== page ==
Single-use plastic bans explained: Scotland’s recent ban & where the rest of the UK are in comparison!

26th August 2022

Emma Wilkinson

Bans on single-use plastic items, typically for the most littered food and beverage consumption items, are in effect to eliminate all avoidable plastic waste which pollute and harm our land, seas and wildlife.

A single-use plastic is defined as an object which has been designed and intended to be used “only once” before being disposed of or recycled. As management of plastic waste is a devolved issue, there are some differences across the UK devolved nations on bringing in single-use plastic bans. Scotland have recently launched their single-use plastic ban from 1 June 2022, Wales published a draft Bill on 15 August 2022, and consultations in England and Northern Ireland took place earlier in 2022. Therefore, this news story provides a full breakdown of differences across the UK devolved nations on their existing and future bans on single-use plastic items.

Comparison of single-use plastic items banned across the UK devolved nations & the EU:

Scotland

Scotland’s single use plastic ban was brought in from 1 June 2022 but was subject to the impact of the UK Internal Market Act 2022, which excluded any of the listed items that were first imported or manufactured in another UK devolved nation from the ban. However, the Scottish ban became fully effective from 12 August 2022, when the exclusion of these items from the Internal Market Act came into force. Making it unlawful to manufacture and supply commercially the items listed above (noted as banned from 1 June 2022), regardless of whether manufactured or first imported into another part of the UK. Some exemptions do apply to the Scottish ban, see a full description of the new ban below:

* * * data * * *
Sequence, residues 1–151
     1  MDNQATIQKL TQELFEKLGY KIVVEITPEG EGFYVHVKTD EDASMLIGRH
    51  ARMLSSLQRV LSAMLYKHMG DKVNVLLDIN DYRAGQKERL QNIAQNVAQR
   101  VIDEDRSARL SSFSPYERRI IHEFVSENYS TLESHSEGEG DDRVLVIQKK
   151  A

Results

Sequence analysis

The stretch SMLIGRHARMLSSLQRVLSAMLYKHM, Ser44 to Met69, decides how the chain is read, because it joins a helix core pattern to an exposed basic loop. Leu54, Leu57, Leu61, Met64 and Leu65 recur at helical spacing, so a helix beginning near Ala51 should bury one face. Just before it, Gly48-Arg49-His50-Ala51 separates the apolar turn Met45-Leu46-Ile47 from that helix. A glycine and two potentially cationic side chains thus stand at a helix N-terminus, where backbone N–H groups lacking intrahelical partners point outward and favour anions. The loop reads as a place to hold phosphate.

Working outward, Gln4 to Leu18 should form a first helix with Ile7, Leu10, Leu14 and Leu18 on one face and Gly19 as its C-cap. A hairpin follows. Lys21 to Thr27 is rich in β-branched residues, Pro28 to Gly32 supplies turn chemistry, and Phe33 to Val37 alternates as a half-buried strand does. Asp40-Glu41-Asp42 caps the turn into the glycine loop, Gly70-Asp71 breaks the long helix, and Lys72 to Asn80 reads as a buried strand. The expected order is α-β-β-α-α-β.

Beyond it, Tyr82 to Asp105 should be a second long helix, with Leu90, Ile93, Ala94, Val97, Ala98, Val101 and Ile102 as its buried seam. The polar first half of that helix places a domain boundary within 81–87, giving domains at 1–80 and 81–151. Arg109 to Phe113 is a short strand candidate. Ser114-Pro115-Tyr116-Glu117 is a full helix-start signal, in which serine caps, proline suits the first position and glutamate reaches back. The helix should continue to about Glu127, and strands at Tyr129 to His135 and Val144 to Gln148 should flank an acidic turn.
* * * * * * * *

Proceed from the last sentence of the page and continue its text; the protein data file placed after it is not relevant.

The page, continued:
From 1 June 2022, in Scotland you must not manufacture or supply:

  • Single-use expanded polystyrene beverage cups;
  • Single-use expanded polystyrene beverage containers;
  • Single-use expanded polystyrene food containers;
  • Single-use plastic cutlery;
  • Single-use plastic plates; and
  • Single-use plastic beverage stirrers.

It is also an offence to supply:

  • Single-use plastic balloon sticks. (There are exemptions if the balloon stick is supplied for attaching to balloons for industrial or other professional uses and applications and are only distributed for business purposes.)
  • Single-use plastic straws, with exemptions for:
    • Medical devices, or medical purposes, such as medical diagnosis, research or treatment
    • Retail pharmacies, subject to a ban on advertising and public display (not including online display)
    • Catering establishments, as long as the straws are not advertised or on display to the public
    • Care homes, schools, childcare premises, and prisons
    • Personal care or personal support services
    • Plastic straws used as use as packaging.

For more information on the Scotland ban, click here

England